Getting Started: "Using The Internet To Find A Graduate Program "

by Judith Maginnis Kuster - Mankato State University (

A recent article in MONEY Magazine entitled "Fifty Hottest Jobs in America" ranked speech pathologist/audiologist as eleventh, and also listed it among the five fastest growing jobs over the next five years. The homepage for the American Speech-Language and Hearing Association (ASHA) provides much information about the careers in communication sciences and disorders.

But before beginning a career as a speech-language pathologist or audiologist, you need to find a slot in an ASHA-accredited graduate program. During the 1992-93 academic year, there were 10,120 students enrolled in graduate programs in speech language pathology or audiology. Most master's programs take two years which means about one-half of those 10,120 graduated, opening 5060 new slots in programs for the following year. That same year colleges and universities throughout the nation awarded 5636 students an undergraduate degree in communication disorders. Added to that number were 902 non-traditional graduate students as well as students who had not found a slot in a program the previous year (a potential total of over 6500 students), competing for the 5060 available slots in ASHA-accredited programs. There were "in effect, 23% more potential graduate students than places for them." (p.8, 1994). Although ASHA has initiated some solutions to this critical shortage of opportunities for qualified students by easing the 6:1 student-faculty ratio in graduate programs, finding a spot in a program is still very competitive.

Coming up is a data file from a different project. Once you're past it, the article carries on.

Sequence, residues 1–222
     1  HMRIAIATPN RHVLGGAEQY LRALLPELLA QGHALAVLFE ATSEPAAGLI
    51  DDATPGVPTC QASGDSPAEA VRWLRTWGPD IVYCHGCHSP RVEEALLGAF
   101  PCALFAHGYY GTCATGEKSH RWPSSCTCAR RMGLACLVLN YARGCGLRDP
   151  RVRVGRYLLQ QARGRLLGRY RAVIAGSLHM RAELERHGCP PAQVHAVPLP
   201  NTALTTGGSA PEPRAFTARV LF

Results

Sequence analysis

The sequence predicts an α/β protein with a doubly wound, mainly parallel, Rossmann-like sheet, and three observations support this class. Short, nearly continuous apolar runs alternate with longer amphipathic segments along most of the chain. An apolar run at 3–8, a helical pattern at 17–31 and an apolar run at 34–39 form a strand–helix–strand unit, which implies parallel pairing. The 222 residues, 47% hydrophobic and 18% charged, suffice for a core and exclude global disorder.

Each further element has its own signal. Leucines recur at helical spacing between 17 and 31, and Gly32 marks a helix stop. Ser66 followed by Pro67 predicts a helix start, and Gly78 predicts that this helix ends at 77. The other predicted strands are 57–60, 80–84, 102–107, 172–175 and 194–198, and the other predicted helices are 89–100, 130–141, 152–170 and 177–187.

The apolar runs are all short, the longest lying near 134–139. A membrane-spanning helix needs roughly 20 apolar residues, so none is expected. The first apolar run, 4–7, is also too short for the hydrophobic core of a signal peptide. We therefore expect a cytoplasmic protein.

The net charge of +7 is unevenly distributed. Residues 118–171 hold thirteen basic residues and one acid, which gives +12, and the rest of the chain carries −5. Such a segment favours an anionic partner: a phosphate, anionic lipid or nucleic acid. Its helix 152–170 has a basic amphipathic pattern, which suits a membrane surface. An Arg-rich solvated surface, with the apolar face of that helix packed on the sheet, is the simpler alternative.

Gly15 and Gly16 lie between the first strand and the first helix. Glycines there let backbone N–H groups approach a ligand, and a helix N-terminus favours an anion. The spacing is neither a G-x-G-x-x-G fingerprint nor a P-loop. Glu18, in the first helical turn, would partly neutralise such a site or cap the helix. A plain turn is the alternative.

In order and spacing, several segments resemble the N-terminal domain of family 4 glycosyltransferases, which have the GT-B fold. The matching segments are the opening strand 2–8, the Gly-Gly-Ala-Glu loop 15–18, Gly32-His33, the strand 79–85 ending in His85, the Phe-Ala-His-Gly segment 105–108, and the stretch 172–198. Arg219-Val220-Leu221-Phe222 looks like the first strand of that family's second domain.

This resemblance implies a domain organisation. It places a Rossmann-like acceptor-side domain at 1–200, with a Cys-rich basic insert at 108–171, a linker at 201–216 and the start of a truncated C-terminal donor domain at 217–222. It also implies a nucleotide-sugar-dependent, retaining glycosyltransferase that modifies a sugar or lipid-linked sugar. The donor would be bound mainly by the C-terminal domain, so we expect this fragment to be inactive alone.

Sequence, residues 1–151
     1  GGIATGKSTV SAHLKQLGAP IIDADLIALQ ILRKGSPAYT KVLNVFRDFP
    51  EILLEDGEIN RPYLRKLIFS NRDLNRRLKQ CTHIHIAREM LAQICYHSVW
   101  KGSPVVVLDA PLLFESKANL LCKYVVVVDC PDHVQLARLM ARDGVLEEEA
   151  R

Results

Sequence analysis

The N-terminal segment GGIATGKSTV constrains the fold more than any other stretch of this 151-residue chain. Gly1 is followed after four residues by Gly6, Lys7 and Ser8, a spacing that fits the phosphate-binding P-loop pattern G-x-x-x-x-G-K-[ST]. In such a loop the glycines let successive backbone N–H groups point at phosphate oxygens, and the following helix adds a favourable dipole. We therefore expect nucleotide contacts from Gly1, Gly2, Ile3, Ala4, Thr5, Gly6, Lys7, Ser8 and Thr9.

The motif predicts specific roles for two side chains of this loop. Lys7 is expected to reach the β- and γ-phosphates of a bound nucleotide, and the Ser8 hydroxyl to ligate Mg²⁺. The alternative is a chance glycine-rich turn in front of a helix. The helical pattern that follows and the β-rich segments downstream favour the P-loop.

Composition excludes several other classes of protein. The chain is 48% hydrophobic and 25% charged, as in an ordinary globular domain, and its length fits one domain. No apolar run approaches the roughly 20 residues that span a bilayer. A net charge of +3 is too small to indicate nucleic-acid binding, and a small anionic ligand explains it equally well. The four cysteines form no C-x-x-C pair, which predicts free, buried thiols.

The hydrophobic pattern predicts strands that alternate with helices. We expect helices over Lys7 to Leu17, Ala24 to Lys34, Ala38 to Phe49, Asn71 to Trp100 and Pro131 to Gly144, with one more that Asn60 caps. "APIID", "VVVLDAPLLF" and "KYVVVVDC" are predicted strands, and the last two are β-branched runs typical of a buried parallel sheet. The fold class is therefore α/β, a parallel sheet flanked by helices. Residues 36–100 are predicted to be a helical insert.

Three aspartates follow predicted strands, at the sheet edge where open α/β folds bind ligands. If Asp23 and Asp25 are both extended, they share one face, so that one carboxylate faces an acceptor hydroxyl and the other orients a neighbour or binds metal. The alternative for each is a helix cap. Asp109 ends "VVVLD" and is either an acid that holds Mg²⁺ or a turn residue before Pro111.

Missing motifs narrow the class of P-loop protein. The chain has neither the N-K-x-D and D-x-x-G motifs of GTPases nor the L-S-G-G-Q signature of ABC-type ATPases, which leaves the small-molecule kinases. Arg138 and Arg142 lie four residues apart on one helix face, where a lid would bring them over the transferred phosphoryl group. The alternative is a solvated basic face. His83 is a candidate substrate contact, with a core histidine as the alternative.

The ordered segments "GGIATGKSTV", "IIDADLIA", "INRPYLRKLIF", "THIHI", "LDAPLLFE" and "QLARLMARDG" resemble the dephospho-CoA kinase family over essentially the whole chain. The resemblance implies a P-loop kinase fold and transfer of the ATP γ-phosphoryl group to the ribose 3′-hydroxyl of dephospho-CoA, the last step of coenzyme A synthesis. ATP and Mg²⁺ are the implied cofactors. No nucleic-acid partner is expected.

The internet can assist students, and those who advise them in finding graduate programs, preparing for entrance exams, advising on application strategies, and exploring sources for financial aid.


Peterson's Education Center calls itself "The Internet's central resource for information on Education and Lifelong Learning." Under the heading Speech Pathology and Audiology you can discover which universities offer degrees. Listed are 246 four-year colleges offering degrees in Speech Pathology and Audiology. and 230 universities which offer a graduate program .

After you have found a university with a program in Speech- Language Pathology and Audiology, look at Mike Conlon's links to hundreds of home pages for American Universities granting bachelor or advanced degrees. Home pages often contain application procedures, academic calendar, a tour of the campus, and other information about the university.

For those looking for information about a Speech Pathology and Audiology major at a particular university, Scott Bradley at the University of Wisconsin - Whitewater maintains a site which provides links to Speech Pathology and Audiology programs currently online. The information available about the programs varies, but some departments provide information about the professors, courses offered, course syllabi, graduation requirements, clinical facilities and practicum requirements, how to apply for admission, and financial aid. (Dr. Bradley requests any URLs of additional programs be sent to him).